Reviewed by Kate Lonberg-Lew
(Boston, MA) Have you ever found your cell phone lying on the back seat after ripping open the box of the replacement? Or perhaps you found your watch at the bottom of the hamper after strapping on your new Swatch? Somehow, we always manage to find what we’re looking for the moment we stop looking for it. This is what Expecting, currently at the Boston Actors Theater, is all about and the experience is wonderfully complex.
Fed up with waiting around for Mr. Right to have a baby, Gabrielle (Jennifer Reagan) goes through with a promise she made herself: artificial insemination. She is spurred on by Christian, (Patrick Massey) her fantasy sperm donor/Mr. Right all rolled into one. Meanwhile, Dani (Kate Mock Elliot), her “walking-cliché-of-a-sister”, is trying every trick in the book to find her the perfect match. And her mother, Sarah (Josephine d’ Angelo) is busy getting back in the dating game after the death of her husband. Enter, Marshall (Paul Ezzy) the flesh and blood, potentially-perfect Mr. Right. And it looks as though Gabrielle has found what she was looking for, but is it too late?
The set is cleverly minimalistic, amounting to little more then several blocks arraigned and rearranged to resemble everything from a couch to a movie theater, with a few props thrown in for good measure. This simplicity and the all-hands-on-deck-cast allow the frequent set changes to happen with relative speed. It could require too much imagination from the audience were it not for the superb job the actors do selling the scene.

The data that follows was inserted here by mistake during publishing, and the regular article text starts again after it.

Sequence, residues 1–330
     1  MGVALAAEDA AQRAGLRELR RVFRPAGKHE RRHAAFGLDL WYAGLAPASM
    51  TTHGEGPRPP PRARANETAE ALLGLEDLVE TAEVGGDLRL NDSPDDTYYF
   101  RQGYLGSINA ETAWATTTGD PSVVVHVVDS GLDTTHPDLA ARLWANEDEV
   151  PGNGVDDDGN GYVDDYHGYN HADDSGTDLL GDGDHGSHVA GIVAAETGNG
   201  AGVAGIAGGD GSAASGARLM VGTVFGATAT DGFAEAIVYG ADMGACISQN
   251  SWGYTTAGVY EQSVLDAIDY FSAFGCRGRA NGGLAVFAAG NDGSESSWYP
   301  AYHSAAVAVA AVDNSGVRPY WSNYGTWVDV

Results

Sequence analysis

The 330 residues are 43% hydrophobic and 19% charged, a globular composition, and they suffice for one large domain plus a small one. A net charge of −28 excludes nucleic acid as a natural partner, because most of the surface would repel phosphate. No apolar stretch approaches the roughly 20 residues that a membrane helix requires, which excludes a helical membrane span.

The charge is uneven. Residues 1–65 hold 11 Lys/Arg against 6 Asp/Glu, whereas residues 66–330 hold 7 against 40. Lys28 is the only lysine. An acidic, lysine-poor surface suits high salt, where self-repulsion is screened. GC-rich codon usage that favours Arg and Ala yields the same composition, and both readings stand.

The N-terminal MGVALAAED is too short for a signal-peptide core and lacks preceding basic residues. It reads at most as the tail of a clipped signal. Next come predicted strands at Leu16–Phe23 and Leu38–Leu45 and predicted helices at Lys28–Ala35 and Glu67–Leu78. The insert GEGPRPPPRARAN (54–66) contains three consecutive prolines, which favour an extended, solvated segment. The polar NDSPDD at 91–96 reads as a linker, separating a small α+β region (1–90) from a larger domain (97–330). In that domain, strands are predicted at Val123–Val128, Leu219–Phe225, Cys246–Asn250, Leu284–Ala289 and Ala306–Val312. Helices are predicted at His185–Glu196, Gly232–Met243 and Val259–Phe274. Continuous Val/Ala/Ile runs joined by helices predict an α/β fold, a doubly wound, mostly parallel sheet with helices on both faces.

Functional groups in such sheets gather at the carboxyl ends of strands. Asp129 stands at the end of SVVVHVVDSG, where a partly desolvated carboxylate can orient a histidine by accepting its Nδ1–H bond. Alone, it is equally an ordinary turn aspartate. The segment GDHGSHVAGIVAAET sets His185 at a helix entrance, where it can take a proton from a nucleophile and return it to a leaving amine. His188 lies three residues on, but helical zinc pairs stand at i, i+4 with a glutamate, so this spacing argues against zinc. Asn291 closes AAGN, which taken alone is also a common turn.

Playwright Noah Tobin’s script is funny and authentic; imagine an 80’s sit-com with depth and heart. The characters fumble around a bit and, at times, possess comically bad timing. But Tobin surprises you by revealing the emotions underneath. At a few points, the story begins to feel formulaic. At one point Tobin tips his hand, giving away a bit too much information, but this transgression is easily forgiven as it is followed with a delightfully unique scene. In fact, every time things start feeling a little stale, Tobin delivers a breath of fresh air. And he has guts to leave the most important question raised in the play unanswered.
Talented actors bring realism and dimension to the characters. Reagan does a lovely job with Gabrielle, making her both approachable and vulnerable. Eliot manages to round out the clichéd Dani. And Ezzy’s delivery of Marshall wins us over. If there is one trouble spot in this production, it’s the cast tends to jump the gun, moving on to a next line before waiting for a laugh or responding to each other too soon.
To sum up, Expecting is a lovely play the will keep you, well, expecting.